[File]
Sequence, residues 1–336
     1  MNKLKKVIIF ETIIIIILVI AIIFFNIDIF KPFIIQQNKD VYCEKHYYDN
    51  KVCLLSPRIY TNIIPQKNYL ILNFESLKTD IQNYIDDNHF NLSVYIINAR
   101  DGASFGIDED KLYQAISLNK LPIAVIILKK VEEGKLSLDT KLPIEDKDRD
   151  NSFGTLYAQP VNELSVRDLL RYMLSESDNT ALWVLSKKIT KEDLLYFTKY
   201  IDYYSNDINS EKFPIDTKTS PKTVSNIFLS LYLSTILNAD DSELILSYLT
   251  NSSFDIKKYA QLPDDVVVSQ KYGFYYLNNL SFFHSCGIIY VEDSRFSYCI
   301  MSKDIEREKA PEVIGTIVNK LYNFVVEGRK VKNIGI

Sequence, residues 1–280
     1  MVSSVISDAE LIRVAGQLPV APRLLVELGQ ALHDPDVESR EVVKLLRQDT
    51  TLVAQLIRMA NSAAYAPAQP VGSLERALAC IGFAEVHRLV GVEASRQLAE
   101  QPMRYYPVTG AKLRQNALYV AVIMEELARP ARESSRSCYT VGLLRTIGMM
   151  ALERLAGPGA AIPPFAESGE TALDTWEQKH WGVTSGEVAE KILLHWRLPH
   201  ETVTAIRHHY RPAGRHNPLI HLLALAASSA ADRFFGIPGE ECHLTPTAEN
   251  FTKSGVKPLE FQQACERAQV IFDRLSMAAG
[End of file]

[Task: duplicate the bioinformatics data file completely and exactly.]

Sequence, residues 1–336
     1  MNKLKKVIIF ETIIIIILVI AIIFFNIDIF KPFIIQQNKD VYCEKHYYDN
    51  KVCLLSPRIY TNIIPQKNYL ILNFESLKTD IQNYIDDNHF NLSVYIINAR
   101  DGASFGIDED KLYQAISLNK LPIAVIILKK VEEGKLSLDT KLPIEDKDRD
   151  NSFGTLYAQP VNELSVRDLL RYMLSESDNT ALWVLSKKIT KEDLLYFTKY
   201  IDYYSNDINS EKFPIDTKTS PKTVSNIFLS LYLSTILNAD DSELILSYLT
   251  NSSFDIKKYA QLPDDVVVSQ KYGFYYLNNL SFFHSCGIIY VEDSRFSYCI
   301  MSKDIEREKA PEVIGTIVNK LYNFVVEGRK VKNIGI

Sequence, residues 1–280
     1  MVSSVISDAE LIRVAGQLPV APRLLVELGQ ALHDPDVESR EVVKLLRQDT
    51  TLVAQLIRMA NSAAYAPAQP VGSLERALAC IGFAEVHRLV GVEASRQLAE
   101  QPMRYYPVTG AKLRQNALYV AVIMEELARP ARESSRSCYT VGLLRTIGMM
   151  ALERLAGPGA AIPPFAESGE TALDTWEQKH WGVTSGEVAE KILLHWRLPH
   201  ETVTAIRHHY RPAGRHNPLI HLLALAASSA ADRFFGIPGE ECHLTPTAEN
   251  FTKSGVKPLE FQQACERAQV IFDRLSMAAG